JOURNAL ARTICLE

Experiences of Austrian mothers with mobility or sensory impairments during pregnancy, childbirth and the puerperium: a qualitative study

Barbara Schildberger, Christoph Zenzmaier, Martina König-Bachmann
BMC Pregnancy and Childbirth 2017 June 26, 17 (1): 201
28651564

BACKGROUND: Approximately 8% of all women of childbearing age in Austria live with permanent impairments. In everyday life, women with disabilities face various challenges and discrimination, among which the issue of pregnancy and motherhood, in particular, is often considered taboo, and their parenting abilities are doubted. Knowledge in the medical field about the experiences of women with disabilities during pregnancy, childbirth and the puerperium is limited.

METHODS: To investigate the personal meanings and experiences of women with disabilities in regard to pregnancy, childbirth and the puerperium, in-depth individual, semi-structured interviews were conducted with ten mothers with various mobility or sensory impairments who reside in Austria. The qualitative interview data were analyzed using the qualitative content analysis proposed by Mayring.

RESULTS: Three main themes or categories emerged from the inductive content analysis, namely, (i) the social network, (ii) self-efficacy and self-awareness and (iii) communication, transparency and information. Participants reported limited acceptance of their life decisions and experienced an environment of discriminatory attitudes. They experienced a lack of support and lack of confidence in their parenting abilities, which negatively influenced their self-efficacy and self-awareness. Violations of personal borders and a feeling of being watched and controlled were reported. Communication with health care professionals was often characterized by mutual aspects of fear, uncertainty and awkwardness, as perceived by women with disabilities. Adequate information about pregnancy, childbirth and the puerperium, particularly about measures taken and interventions applied, was frequently missing.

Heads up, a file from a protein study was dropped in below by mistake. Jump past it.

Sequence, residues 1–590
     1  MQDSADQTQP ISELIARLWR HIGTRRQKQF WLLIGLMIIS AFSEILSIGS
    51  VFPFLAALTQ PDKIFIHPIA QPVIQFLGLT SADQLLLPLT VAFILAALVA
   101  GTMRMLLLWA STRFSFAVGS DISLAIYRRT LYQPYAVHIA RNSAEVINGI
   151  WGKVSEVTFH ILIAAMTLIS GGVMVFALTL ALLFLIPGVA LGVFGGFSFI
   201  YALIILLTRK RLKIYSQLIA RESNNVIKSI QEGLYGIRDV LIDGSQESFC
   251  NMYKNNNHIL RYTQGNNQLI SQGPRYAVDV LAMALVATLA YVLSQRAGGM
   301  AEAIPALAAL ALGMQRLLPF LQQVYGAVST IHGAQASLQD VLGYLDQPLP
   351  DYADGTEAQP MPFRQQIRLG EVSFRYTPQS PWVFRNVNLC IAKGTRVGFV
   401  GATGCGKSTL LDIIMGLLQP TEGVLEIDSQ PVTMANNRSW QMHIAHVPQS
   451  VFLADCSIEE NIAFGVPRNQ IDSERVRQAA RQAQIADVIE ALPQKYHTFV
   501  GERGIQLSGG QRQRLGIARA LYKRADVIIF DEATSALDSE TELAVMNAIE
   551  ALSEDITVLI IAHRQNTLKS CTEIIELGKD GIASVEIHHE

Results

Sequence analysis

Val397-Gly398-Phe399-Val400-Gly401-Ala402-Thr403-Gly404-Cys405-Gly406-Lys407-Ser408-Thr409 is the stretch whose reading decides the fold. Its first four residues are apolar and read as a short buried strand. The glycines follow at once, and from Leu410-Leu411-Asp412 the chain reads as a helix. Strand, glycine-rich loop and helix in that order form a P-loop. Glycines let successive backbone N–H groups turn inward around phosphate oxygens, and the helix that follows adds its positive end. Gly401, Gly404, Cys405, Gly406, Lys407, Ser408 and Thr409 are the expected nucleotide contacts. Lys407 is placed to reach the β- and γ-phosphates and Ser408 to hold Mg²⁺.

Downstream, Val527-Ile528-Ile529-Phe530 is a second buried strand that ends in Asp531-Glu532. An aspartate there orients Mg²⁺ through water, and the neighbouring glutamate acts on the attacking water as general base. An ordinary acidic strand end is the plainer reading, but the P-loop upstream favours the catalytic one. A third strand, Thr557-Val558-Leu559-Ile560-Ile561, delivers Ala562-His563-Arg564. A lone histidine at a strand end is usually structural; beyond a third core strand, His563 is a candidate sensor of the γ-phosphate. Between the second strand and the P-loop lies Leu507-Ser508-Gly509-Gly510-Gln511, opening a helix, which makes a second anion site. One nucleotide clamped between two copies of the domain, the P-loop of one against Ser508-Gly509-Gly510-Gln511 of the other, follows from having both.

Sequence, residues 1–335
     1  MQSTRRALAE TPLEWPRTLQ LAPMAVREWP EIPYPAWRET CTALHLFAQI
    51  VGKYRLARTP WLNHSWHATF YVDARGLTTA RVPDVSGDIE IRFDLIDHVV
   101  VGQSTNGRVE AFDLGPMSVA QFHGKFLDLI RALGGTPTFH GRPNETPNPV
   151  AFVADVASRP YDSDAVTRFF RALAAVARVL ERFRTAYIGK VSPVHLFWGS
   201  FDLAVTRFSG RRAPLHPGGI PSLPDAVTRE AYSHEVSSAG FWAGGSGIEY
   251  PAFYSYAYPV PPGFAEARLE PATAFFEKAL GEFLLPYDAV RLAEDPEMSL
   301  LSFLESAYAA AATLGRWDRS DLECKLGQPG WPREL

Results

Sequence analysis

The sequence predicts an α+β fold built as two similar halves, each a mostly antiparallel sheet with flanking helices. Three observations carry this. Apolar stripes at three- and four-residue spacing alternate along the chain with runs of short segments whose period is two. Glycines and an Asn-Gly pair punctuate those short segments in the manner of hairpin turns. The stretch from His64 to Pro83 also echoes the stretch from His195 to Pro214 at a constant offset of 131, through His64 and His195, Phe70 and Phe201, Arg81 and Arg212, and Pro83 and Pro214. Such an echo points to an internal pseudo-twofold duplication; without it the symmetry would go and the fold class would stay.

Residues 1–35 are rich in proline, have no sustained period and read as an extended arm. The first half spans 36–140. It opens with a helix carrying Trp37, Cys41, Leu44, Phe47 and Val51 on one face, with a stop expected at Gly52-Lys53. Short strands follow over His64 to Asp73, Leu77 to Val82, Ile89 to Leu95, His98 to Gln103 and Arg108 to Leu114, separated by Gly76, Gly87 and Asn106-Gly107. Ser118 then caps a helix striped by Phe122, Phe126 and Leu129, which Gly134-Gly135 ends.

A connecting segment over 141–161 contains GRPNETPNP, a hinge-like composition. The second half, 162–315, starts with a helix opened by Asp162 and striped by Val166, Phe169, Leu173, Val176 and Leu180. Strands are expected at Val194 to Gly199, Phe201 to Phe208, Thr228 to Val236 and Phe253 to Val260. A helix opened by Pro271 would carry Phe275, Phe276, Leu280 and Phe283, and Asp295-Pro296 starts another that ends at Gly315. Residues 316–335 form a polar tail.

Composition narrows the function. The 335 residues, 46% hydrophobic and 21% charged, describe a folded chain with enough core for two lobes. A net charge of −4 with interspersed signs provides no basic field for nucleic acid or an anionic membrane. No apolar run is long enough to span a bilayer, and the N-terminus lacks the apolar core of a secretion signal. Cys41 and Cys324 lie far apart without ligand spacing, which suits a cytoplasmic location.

CONCLUSION: Heath care facilities need to be structured to ensure ease of access for women with disabilities. Education should be offered to health care professionals to improve knowledge about care for women with disabilities and to strengthen communication skills. All necessary information needs to be prepared and provided in an adequate manner. The establishment of a health-promoting environment for mothers, their children and their families requires a sensitive, respectful and non-judgmental attitude of society toward women with disabilities during pregnancy, childbirth and the puerperium.

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